What do you dislike about your expat life?
Now I have satellite TV, I have a lot of home comforts in Coronation Street and Catherine Tate! At first, I missed certain brands of chocolate and other food items that aren’t the same. There are some good greasy spoon cafe’s in Sheffield and Yorkshire bacon butties can’t be beaten! Having been here for 2.5 years now, I miss less and less in terms of home comforts because you start to forget what there is. There is a big void in the market in Australia waiting to be filled by pickled onion monster munch! I miss people from home more than anything although I have had lots of visitors since I arrived
What advice would you give to anyone following in your footsteps?
Think carefully about the move. You have to start all over again and the distance from family and friends can be difficult. It’s not for everyone. Do you research first. Going on holiday to a place for a few weeks is not the same as moving somewhere permanently. It’s very easy to fall into the same routines that were in before you made the move and that \’s not what it’s about. Be prepared to move around until you find a place to settle in your new country.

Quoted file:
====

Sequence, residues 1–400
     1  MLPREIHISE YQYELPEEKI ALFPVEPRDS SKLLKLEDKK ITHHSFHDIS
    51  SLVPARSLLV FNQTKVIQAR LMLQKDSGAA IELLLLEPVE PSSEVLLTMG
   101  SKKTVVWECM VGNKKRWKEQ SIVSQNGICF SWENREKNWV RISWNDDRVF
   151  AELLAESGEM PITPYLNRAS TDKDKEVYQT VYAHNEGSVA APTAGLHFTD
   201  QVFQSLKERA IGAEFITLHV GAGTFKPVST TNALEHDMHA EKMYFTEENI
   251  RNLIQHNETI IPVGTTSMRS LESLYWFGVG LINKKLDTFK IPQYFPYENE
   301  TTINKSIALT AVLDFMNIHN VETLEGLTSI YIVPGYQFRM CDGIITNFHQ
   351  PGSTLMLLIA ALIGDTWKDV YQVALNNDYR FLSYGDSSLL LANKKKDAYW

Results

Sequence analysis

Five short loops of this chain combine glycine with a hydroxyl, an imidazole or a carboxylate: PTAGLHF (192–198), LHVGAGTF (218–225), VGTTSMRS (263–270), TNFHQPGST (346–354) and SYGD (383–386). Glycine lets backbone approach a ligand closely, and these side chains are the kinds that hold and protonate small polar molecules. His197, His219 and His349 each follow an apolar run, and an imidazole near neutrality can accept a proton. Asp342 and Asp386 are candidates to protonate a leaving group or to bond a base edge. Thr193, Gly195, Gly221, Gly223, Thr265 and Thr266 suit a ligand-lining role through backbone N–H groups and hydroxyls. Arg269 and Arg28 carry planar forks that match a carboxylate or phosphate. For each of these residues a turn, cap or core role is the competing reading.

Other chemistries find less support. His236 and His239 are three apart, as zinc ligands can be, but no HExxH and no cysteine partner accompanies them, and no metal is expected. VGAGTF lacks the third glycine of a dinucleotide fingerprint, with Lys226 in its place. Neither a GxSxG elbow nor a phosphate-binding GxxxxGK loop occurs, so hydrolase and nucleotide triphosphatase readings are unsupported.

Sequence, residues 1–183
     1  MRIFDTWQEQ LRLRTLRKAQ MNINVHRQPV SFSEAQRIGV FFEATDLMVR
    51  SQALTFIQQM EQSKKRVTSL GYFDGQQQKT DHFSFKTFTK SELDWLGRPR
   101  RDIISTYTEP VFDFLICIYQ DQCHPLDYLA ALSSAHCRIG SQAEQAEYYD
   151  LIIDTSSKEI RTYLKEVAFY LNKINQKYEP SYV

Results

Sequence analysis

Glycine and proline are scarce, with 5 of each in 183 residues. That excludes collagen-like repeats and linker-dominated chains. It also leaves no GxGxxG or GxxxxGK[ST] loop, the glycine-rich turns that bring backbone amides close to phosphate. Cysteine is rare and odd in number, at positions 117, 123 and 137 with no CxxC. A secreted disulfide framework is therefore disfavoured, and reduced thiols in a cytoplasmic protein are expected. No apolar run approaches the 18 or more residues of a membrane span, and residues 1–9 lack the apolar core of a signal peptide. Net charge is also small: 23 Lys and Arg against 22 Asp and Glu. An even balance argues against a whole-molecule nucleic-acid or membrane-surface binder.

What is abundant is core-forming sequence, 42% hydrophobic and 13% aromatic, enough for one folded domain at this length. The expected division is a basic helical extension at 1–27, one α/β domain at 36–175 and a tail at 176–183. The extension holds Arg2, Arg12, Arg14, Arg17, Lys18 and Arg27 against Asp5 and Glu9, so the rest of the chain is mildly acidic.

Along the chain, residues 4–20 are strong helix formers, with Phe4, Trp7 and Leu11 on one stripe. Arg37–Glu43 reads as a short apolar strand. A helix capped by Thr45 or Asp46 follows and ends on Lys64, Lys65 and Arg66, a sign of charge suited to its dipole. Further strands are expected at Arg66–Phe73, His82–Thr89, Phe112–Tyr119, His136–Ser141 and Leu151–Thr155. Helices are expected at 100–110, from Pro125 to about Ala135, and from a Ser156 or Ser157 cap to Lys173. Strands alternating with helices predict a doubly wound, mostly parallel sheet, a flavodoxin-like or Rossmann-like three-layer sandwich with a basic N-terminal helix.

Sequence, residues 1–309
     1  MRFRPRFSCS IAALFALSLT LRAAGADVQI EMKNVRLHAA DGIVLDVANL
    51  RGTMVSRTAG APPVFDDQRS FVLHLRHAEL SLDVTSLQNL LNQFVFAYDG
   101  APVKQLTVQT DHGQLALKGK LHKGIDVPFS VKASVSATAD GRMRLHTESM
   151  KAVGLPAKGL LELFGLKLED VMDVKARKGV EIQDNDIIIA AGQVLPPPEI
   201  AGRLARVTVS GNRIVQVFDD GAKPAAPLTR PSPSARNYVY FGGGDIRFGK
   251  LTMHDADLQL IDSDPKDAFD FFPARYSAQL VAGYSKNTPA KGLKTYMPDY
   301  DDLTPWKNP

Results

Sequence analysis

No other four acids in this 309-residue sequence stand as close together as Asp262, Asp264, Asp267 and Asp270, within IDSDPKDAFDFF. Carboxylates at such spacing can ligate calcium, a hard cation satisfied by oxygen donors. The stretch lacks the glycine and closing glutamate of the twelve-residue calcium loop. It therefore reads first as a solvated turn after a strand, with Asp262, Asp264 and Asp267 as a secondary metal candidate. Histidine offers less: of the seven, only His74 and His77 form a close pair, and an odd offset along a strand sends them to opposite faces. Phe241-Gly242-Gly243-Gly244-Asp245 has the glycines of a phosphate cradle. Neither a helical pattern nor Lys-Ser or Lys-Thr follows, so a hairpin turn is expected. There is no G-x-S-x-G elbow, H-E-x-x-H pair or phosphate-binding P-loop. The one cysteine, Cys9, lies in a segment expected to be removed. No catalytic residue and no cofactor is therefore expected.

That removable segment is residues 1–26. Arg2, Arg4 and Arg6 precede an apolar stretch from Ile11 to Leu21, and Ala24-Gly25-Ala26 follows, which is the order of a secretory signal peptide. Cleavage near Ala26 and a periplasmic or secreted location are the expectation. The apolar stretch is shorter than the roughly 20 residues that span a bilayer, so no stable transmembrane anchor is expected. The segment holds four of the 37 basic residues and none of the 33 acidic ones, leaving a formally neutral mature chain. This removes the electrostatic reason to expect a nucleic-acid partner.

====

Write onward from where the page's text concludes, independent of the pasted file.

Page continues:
What are your plans for the future?
I have no desire to return to a big city to work or live. After this posting, I would like to go to another country town, maybe nearer to the ocean but the jury is still out. So many people move abroad and then stay in the once place, quickly falling back into a routine that ends up being very similar to what they left behind. I am experiencing things that I never dreamed that I would have the opportunity to do. I work on the principal that I moved 13,000 miles so another 1,000 miles isn’t going to make that much difference!